Tuesday, December 31, 2013


Hammer of Gall
By Kathleen Kimball-Baker

No early detection.
No emergency prep.

Thunder is billowing
north of her equator
and walled air ripples,
full of charge; she closes her
eyes, counts one Mississippi
two Mississippi three
Mississippi FOUR

A sopping mattress leans,
no way out, only through.
Bayous are swollen, they'll spill
She must shelter in place in the
roaring darkness . . . she fastens
her arms around what's anchored
to the floor, cold and white
and she lowers her head,
a bow to the surge

Splinters of hurt cross the
dome of her belly and
everyone and everything
is running around the wet
hair, back of neck, temples,
the place above lips
all sticky with salt water
and her wipers can’t lift
against the deluge. She
thinks this: O God
the flash flood is going
to drown me I just know it
But someone is lifting her
head just above the tide,
an angel, surely an angel
till her throat is raw
till hurt crawls out of the wreckage
like refugees. In this shelter
of tile and slippery porcelain
and hurricane hand dryers,
she slumps, awaiting rescue,
and it comes, and so do
the cuts

The storm has a name that sounds
like a southern belle: biliary dyskinesia
you know, like Frankly Scarlet

Image by psoup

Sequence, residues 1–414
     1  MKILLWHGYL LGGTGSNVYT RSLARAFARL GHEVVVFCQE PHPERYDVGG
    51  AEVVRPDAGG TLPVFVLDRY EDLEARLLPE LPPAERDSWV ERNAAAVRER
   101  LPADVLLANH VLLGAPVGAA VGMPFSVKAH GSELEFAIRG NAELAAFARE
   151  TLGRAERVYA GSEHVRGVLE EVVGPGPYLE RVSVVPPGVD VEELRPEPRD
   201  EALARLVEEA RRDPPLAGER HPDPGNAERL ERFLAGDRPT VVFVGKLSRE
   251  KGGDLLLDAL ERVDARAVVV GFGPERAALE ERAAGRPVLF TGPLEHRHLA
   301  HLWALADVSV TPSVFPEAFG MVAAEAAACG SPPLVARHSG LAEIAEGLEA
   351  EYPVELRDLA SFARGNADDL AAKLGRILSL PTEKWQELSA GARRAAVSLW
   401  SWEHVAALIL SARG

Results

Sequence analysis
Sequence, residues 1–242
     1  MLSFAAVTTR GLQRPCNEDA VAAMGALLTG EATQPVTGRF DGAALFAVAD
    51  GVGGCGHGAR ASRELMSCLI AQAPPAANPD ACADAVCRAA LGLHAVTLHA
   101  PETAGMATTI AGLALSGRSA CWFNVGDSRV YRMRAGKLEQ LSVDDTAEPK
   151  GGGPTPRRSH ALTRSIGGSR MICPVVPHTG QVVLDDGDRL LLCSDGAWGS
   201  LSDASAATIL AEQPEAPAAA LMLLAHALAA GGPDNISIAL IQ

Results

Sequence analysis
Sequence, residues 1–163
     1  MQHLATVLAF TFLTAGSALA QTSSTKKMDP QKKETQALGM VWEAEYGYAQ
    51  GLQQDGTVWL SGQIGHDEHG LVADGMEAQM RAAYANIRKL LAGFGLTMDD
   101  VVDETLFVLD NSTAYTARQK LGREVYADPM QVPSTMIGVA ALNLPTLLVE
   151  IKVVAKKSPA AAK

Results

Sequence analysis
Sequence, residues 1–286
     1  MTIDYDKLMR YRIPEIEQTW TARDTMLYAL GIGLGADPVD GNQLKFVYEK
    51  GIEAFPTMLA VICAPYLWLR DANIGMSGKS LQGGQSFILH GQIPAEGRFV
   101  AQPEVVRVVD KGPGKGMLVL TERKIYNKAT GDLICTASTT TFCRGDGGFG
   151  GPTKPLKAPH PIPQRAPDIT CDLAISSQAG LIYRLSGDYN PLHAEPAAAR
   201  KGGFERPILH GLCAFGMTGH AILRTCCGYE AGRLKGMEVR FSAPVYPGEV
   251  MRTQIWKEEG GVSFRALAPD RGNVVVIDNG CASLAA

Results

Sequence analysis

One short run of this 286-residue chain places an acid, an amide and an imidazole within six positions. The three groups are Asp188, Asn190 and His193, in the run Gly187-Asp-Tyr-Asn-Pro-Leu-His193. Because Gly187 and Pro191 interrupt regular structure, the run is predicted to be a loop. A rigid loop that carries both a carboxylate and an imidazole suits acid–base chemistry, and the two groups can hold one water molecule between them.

Monday, December 23, 2013

Got you good

Got you good
By Kathleen Kimball-Baker

Along came the day you knew,
dangerous, like black ice.

You had a choice
but only this: do or die.
Some call that a choice,
because the dying is slow
and they don't notice,
even though it shows around
your eyes and how you walk.
So you were afraid of the do,
because you might be alone
and that wasn't at all sensible.

But you couldn't stop the longing --
For muscles humming "more"
For clumsiness, knowing nothing, and the bruises
For tree tops casting over their shoulders gold and pink
For chasing a runny nose into the woods, into cold white and blooms of darkness
For frozen waves able to sing once more
For the click of little stones the lake swallows
For the spill of painful beauty on your face

You wanted all this and sweetness,
the width of it all and the tallness, too,
the dark nights with noises and the soft safe mornings
and the whole do-over every single day
with the "feed me, water me, let me run and smell things"

You didn't think you could choose them
You thought you would die,
and you would have,
and you still will.

Then along came the day
you just knew:

The wild got you good.


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